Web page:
The tamers also get seriously hurt. Every year, several casualties, sometimes even deaths, are reported. The horns of the bulls are so sharpened that even a mild brush with them can cause grievous hurt. In the last two decades, about 200 people have been reportedly killed.
With animal activists crying hoarse, the organisers and local people taking it as an issue of cultural pride, and the helpless state governments taking a populist stand year after year, this brutal sport, which is inconsistent with the times we live in, is likely to continue. The ban by the Ministry of Environment and Forests, the feeble attempts by the state government, the relentless campaign by animal activists or the interventions of the courts do not seem to address the tricky cultural argument. If one agrees for the sport because it had been practised for hundreds of years, many barbaric traditional practices, such as child marriage, that have been outlawed in the country can be justified as well.
The only welcome relief is that of late, there are stringent conditions imposed on the oraganisers of the event and the district collectors are held responsible. Unlike in the past, only those cleared by the authorities can jump into the “ring” of loose soil to tame the bulls. Medical examinations, close scrutiny of the preparations of the event and the on-site behaviour are also closely monitored. Similarly, the bulls cannot be intoxicated or tortured to run amuck. The collectors also have to file an affidavit after the events. But animal rights activists say there is still a lot that goes unnoticed and only an outright ban can stop the barbarism.

Bogota mayor takes stance against bull fighting

Colombia Reports

Friday 13 January 2012 15:23

Bogota Mayor Gustavo Petro has taken a stance against bull fighting in the Colombian capital by stating City Hall will not provide any financial support for bull fighting events, Colombian media reported Friday.
"There will not be a single peso spent on this type of event," said the mayor. The top city official also said that neither he nor anyone from his office will make use of the City Hall seating box at the Plaza de Toros de Santamaria.
"In the electoral campaign we said that it does not seem right that Bogota puts on show about death and consequently we have decided not to make use of the box in the Plaza de Toros," said Petro.
The Governor of Antioquia, Sergio Fajardo has taken a similar position as Petro. He announced that he will not support the bullfighting season in Medellinaccording to weekly Semana.

Jallikattu: tradition first, safety next


January 15, 2012

Pride, belief, fear keep ancient ritual alive
From rustic fears that failure to hold the annual bull-taming sport will incur divine wrath and cause an epidemic in the village to the obvious pride in participating in it, ‘jallikattu' has come to stay as part of the tradition and culture of rural Tamil Nadu.

Seen as mere baiting of bulls and display of cruelty by animal rights activists, but venerated by villagers as a symbol of antiquity and the martial tradition of Tamils, ‘jallikattu' evokes varying reactions from different sections of society. It is part of the three-day celebrations of Pongal, the harvest festival of the Tamil people.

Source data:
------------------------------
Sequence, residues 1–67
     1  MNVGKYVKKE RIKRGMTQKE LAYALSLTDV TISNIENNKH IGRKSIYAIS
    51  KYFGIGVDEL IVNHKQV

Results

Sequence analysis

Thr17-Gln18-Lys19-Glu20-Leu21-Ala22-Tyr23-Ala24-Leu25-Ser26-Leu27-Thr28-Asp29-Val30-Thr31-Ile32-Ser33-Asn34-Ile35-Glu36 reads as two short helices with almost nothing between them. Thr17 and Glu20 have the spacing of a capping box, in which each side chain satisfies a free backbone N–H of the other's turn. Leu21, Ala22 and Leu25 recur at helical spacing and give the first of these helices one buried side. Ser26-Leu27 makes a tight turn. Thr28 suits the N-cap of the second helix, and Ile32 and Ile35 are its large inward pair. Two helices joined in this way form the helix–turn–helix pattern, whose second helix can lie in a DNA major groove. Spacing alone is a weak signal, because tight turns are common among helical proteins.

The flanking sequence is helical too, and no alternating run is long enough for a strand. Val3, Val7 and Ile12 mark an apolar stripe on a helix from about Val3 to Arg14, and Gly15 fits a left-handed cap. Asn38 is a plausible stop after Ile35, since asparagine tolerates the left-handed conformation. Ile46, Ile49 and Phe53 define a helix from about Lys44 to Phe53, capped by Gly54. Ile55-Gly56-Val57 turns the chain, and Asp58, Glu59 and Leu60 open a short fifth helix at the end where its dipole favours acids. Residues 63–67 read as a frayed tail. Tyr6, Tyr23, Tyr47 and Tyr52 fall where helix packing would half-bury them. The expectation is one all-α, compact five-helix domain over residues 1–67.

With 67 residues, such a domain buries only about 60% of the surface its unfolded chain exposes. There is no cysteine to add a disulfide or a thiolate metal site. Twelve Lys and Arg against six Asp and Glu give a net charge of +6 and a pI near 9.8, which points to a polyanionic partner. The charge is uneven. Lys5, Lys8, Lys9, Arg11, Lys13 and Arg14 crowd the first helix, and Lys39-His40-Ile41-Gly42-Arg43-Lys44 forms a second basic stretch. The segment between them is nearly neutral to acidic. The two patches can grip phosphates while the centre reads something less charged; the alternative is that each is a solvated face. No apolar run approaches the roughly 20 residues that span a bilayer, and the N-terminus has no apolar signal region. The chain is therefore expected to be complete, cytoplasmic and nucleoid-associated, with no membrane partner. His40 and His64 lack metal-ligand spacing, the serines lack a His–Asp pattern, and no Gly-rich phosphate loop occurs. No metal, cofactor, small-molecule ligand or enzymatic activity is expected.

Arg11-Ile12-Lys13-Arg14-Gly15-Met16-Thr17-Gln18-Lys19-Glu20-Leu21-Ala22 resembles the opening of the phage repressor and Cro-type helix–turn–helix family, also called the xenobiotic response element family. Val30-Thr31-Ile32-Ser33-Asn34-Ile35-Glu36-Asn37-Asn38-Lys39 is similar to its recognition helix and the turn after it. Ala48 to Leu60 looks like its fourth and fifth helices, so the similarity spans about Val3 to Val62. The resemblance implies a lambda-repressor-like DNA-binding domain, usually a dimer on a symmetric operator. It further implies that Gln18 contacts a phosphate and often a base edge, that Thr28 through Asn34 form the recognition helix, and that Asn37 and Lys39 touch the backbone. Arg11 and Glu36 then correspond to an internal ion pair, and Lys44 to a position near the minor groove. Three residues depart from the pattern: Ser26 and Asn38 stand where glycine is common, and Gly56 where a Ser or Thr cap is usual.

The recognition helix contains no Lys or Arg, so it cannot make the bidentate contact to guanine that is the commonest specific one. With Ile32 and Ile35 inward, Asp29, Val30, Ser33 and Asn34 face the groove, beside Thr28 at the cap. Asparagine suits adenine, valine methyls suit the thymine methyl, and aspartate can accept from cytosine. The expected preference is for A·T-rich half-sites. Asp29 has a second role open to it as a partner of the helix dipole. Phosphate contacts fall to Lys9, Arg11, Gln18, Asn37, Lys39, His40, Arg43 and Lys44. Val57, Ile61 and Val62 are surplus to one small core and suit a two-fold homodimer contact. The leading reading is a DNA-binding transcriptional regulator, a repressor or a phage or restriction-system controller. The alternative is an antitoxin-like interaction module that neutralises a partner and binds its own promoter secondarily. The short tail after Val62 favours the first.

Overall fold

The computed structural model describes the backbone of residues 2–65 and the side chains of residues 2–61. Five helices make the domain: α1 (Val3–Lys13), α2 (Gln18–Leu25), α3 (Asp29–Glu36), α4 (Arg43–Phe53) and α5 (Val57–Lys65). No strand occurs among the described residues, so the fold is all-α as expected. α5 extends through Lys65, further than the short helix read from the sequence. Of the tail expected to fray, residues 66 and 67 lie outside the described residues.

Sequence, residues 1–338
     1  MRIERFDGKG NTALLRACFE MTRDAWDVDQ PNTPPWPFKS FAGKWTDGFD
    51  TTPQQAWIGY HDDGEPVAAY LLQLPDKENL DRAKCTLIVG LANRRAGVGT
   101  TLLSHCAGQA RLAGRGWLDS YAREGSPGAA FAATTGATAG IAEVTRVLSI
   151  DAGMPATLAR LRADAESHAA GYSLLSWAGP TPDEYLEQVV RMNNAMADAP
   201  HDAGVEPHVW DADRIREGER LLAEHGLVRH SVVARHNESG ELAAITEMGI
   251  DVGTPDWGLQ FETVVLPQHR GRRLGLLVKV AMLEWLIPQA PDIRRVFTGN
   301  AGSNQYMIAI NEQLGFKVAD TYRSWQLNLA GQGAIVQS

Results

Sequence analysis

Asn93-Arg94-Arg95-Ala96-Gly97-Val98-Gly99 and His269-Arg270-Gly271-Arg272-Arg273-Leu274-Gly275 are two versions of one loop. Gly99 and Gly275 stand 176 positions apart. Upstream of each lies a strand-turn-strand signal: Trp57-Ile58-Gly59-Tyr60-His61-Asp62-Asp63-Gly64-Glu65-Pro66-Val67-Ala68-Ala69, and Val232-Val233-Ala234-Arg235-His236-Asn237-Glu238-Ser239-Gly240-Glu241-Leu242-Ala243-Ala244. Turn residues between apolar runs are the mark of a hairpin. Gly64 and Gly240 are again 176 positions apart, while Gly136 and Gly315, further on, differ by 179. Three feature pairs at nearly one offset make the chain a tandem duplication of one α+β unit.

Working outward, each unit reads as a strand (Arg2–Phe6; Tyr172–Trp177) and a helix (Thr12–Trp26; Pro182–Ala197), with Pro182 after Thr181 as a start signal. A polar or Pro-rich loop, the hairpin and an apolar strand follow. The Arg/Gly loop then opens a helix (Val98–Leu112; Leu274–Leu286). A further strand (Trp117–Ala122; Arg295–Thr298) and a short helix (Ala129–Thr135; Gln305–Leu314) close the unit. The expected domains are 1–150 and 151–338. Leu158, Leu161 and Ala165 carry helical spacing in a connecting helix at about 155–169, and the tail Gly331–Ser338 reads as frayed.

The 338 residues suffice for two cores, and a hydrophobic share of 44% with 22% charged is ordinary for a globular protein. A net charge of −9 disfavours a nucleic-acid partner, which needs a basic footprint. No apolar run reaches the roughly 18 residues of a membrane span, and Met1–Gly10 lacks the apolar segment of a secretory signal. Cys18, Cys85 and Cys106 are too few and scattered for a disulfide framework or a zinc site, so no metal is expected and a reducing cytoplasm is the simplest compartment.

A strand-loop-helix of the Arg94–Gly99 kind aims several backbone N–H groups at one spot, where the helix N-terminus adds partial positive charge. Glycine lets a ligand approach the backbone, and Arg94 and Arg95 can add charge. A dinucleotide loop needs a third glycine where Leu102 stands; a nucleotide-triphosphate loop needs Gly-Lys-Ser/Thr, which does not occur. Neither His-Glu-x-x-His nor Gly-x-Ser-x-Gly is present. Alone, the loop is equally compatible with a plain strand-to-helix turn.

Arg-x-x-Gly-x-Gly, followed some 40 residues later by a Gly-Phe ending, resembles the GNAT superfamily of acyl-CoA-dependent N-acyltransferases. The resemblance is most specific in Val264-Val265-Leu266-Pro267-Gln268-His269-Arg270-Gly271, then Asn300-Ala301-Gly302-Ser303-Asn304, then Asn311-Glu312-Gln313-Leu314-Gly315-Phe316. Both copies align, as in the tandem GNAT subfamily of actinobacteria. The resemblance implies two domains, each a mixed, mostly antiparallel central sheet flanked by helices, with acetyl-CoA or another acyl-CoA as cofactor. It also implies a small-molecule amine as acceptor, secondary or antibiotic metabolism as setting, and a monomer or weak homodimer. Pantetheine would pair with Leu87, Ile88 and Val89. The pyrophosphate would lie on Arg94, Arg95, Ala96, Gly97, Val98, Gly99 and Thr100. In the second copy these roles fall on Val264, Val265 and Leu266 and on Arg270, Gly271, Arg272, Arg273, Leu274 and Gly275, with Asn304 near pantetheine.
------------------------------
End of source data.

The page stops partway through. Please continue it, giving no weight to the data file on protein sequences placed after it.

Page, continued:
Download the high resolution graphic (pdf) here

In most villages in the southern districts, bull taming is conducted on the second and third days of Pongal. Palamedu and Alanganallur villages near Madurai become the centres of attraction as tens of thousands of people gather to watch the spectacle of bulls from all over Tamil Nadu, numbering close to 1000, being unleashed in the arena to test the taming skills of the fighters.

Historical references show that ‘jallikattu,' known in ancient times as ‘Yeru thazhuvuthal,' was popular among warriors during the Tamil classical period. The term ‘jallikattu,' comes from Tamil terms ‘salli kaasu' (coins) and ‘kattu' (a package) tied to the horns of bulls as prize money. Later, in the colonial period, this term changed to ‘jallikattu.'

A well-preserved seal found at Mohenjodaro in the 1930s is available at the Delhi Museum, which depicts the bull fighting practice prevalent during the Indus Valley Civilization (The Hindu, January 3, 2008).

In ‘jallikattu,' all that the fighters have to do is to pounce on the running bull, try to hold on to its hump and move along with the animal without falling or getting hurt. It requires quick reflexes and a fleet foot to tame the recalcitrant bull, which will try to get away, shake off the fighter and, at times, stamp or gore the fallen participants.

In Palamedu village, ‘jallikattu' will be held on January 16 by a committee called the Mahalingasamy Grama Podhu Madam, established in 1972. It consists of 11 members belonging to different caste groups. To avoid a confrontation, the first bull to run down the long lane is the Mahalingasamy Madathu Podhu Kaalai. The first respect in terms of caste goes to the Palamedu East Street Manja Malai Kaalai (bull) belonging to Dalits (Devendra Kula Vellalars); then North Street Ayyanar Kaalai; South Street Pattallamman Koil Kaalai and 24 Manai Telugu Chetty Pattu Satha Koil Kaalai in that order.

There are some myths associated with ‘jallikattu.' Most bull owners name their animal after the gods associated with their lineage. Some believe that if they fail to take the bull to the Vaadi Vaasal (entry point to the fighting area) it will harm the family.

Palamedu panchayat president C. Narayanasamy says ‘jallikattu' is organised for divine purposes. “If we do not conduct ‘jallikattu' the village is in danger of being affected by an epidemic.” Palamedu, on the day of ‘jallikattu,' wears a festive look and the villagers in and around get an opportunity to have their own small stalls, which sells food items ranging from beef, chicken and pig fry to sugarcane juice and ‘jigarthanda'. It provides a chance for visitors and tourists to get a feel of rural life.

At Alanganallur, one can see posters put up in remembrance of “fallen heroes” who died fighting the bulls. Villagers still remember Hundial alias Senthil who was gored to death by a bull while fighting it at the Alanganallur event in 2005. 

He was just 20. His brother Ravi, 18, when asked about the loss of his brother, says it was not a loss as he died a brave man. However, Ravi avoids participating in ‘jallikattu.'
Ayyur Ayothee (43), a bull fighter, who has participated in events across the State and won prizes said: “Injuries are what you get at the end of the day and nothing else. But still ‘jallikattu' should be conducted and it lies with the individual whether to participate in it or not.”